Tomasz A Adamusiak MD Ph.D. has a unique blend of business acumen and technology expertise spanning multiple industries from finance to healthcare. He leads an organization developing Thomson Reuters Big Data solutions for top financial, pharma, and research institutions - Data Fusion and Graph Feed. Dr. Adamusiak has a wealth of experience in the linked data and data science space backed up by the leadership and advisory roles within the American Medical Informatics Association (AMIA), and the SNOMED International.
Gartner states that “graph analysis is possibly the single most effective competitive differentiator for organizations pursuing data-driven operations and decisions.” Graphs are becoming an increasingly popular and useful tool in the information world – but they are by no means new.
In the world of financial data, Thomson Reuters considerable data assets are contributing to the formation of a Thomson Reuters Knowledge Graph. This will help our customers to identify both inferred and factual relationships previously unknown. For example, Thomson Reuters has been tracking movements of officers and directors of companies for over 30 years.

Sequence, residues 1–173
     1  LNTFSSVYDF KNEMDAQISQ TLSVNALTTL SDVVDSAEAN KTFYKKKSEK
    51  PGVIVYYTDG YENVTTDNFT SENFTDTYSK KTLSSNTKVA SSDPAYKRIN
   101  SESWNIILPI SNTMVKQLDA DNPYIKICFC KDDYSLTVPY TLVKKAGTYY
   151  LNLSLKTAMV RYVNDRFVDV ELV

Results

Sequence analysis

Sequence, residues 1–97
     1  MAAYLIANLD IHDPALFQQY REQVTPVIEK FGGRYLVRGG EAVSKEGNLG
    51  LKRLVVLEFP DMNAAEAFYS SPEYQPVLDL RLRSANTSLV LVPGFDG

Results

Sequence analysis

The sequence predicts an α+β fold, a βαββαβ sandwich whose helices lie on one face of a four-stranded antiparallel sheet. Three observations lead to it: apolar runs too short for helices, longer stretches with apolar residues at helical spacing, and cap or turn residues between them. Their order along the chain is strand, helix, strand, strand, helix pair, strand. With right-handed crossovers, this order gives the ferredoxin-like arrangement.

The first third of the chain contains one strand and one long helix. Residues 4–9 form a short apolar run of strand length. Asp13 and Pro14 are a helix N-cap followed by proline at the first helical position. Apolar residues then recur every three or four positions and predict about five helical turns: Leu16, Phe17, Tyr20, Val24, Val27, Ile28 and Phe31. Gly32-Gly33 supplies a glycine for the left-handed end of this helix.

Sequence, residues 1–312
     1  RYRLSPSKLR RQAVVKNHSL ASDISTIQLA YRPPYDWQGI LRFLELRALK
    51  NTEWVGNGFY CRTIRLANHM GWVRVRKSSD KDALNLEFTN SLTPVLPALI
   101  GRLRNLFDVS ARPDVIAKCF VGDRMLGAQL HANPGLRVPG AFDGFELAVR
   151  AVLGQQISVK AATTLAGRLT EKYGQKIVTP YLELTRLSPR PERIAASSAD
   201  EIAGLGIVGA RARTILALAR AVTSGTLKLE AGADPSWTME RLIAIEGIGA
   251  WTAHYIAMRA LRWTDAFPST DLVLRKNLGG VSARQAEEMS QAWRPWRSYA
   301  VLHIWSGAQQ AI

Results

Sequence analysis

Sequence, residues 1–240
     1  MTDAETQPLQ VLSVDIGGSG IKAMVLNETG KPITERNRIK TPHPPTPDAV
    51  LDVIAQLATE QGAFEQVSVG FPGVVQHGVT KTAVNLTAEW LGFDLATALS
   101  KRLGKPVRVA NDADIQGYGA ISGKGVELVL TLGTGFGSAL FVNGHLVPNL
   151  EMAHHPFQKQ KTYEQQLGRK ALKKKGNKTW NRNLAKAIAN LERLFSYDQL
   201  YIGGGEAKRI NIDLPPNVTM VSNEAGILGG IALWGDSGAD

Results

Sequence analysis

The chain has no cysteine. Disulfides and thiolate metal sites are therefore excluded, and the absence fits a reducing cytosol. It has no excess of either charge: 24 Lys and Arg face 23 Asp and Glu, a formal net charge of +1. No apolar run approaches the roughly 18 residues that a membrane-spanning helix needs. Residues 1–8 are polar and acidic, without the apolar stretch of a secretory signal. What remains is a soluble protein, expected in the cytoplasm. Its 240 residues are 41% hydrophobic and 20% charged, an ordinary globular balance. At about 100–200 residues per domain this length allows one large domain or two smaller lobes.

Our Deals database spans a similar period. By mapping organizations and people in both data sets to common permanent identifiers (PermIDs), a graph representation is formed exploring which executives are associated with which deals through time. Graphs like this can also be easily connected to other graphs as long as the graph databases share some common standards – typically around how entities (like people or companies) and relationships are represented. Graph use cases range from relationship management and business development to alpha and idea generation. The risk is perhaps the biggest category as graph databases can help identify hidden or complex relationships, which go to the core of fraud detection, supply chain risk analysis and exposure to sanctioned entities. The documents leaked in the Panama Papers case is one such example that helped identify hidden connections and the importance of connecting the dots as part of the research process to expose political corruption and offshore financial secrecy.